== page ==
Scicli is enough off the beaten track so a fair portion of the WH-focused community considers it a favorite among the towns comprising Val di Noto serial site. It is bright and clean, its compact central area is easy on the eye, and the ratio of locals-to-visitors is higher than elsewhere even in non-Covid times.
All that being true, Scicli is less visited probably precisely because it is, on balance, less impressive than the other inscribed properties of Val di Noto. I say “probably” in a manner of a disclaimer. We came to Scicli at lunchtime, when all of the churches are customarily closed to visitors. Our overall impression may have ended up more laudatory if we had a chance to explore a few interiors.
Grand Baroque exteriors, in line with the main subject of the WH inscription, are found throughout the commune. For instance, San Barolomeo…
… or the Mother Church of Sant’Ignazio di Loyola.
Neither of the above churches is in the formally inscribed WH area, though. In fact, only a small precinct centered on Piazza di Municipio is considered to be part of the World Heritage site, which includes three churches and a couple of palaces. Church of Archangel Michael would be a prime target for a visit if it were open, on account of its tiled interior.
Not on the main square, but diagonally from it and formally included within WH boundaries, is the Palazzo Beneventano, outwardly the most eye-catching building in town.
Ironically – in truth, inexplicably – this marvelous palace has absolutely no museum component. There is an antique store on the ground level, and the upper levels could be offices or residential apartments, for all I know, but you can only admire the exquisite exterior as you would a monument on a city square. It is still well worth lingering around and taking a few pictures of.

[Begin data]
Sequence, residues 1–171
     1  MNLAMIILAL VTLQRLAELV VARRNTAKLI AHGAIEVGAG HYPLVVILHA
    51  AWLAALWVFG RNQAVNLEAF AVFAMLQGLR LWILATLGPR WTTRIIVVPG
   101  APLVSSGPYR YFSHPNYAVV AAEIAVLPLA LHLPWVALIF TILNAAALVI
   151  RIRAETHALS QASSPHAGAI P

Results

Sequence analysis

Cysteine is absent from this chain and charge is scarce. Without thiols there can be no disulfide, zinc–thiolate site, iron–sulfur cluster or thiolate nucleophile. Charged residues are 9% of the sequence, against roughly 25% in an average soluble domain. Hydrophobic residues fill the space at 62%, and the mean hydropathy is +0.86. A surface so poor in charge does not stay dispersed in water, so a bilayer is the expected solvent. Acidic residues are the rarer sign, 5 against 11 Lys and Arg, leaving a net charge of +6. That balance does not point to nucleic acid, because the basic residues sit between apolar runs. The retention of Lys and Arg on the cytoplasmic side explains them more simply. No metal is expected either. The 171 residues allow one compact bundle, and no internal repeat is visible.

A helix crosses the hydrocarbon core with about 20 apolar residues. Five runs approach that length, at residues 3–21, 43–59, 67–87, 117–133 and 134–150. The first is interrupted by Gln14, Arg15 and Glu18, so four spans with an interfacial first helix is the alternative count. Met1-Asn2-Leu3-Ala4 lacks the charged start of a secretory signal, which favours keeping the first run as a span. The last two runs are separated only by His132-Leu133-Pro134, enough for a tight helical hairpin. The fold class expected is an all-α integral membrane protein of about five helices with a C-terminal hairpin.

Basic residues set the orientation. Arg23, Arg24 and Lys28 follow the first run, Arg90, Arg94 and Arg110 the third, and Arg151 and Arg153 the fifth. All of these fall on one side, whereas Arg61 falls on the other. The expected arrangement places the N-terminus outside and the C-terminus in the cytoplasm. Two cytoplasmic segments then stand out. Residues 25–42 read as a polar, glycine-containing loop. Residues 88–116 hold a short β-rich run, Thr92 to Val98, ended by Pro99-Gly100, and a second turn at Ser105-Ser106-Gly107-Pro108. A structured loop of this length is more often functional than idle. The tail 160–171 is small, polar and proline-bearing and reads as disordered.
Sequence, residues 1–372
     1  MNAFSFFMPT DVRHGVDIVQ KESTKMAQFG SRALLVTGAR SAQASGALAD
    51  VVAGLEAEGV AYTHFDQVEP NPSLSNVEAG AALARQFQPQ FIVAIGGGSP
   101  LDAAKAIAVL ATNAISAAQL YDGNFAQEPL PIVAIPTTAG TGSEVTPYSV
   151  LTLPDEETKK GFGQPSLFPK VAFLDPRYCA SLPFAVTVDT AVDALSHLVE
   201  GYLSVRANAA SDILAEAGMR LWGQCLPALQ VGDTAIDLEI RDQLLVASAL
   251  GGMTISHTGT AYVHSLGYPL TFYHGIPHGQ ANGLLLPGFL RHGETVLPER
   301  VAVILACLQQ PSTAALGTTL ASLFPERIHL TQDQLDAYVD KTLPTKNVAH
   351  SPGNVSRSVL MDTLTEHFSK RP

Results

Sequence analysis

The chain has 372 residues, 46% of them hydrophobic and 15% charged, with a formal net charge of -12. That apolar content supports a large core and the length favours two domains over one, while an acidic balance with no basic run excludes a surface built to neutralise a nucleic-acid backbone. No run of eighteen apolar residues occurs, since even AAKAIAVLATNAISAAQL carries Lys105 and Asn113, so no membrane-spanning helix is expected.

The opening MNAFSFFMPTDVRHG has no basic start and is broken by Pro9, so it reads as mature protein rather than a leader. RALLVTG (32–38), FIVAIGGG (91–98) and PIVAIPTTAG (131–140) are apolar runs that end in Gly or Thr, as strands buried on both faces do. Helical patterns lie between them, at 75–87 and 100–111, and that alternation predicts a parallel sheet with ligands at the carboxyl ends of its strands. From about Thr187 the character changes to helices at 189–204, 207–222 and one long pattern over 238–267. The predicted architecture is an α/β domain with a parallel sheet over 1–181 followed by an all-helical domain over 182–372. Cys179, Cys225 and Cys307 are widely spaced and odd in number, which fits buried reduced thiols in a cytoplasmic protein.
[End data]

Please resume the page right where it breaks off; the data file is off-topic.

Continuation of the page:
Other palaces, such as Palazzo Spadaro, exhibit significantly less exhuberant balcony support beams which nonetheless clearly mark them as Baroque masterpieces.
We actually stepped into Palazzo Spadaro, as it happened to be open. The cost of entry was fairly low and, like at the Palazzo Nicolaci in Noto, just about worth the 15-20 minute stroll through less than a dozen spaces. Not entirely without interest, but hardly a must. Here are a few illustrations.
Beyond that, there are pleasing street perspectives and corners around the center of Scicli, but again, nothing overly extraordinary.
The view towards the 13th-century fortifications above town.
The opposite perspective would be a panoramic view of the town, except we did not budget any time to climb or drive up.
And the opposite perspective of this last shot below would be yours truly, if that was a real person on the balcony of an art studio.
We spent about two and a half hours in Scicli, including a sit-down lunch. That seems about right to get a good feel of the place.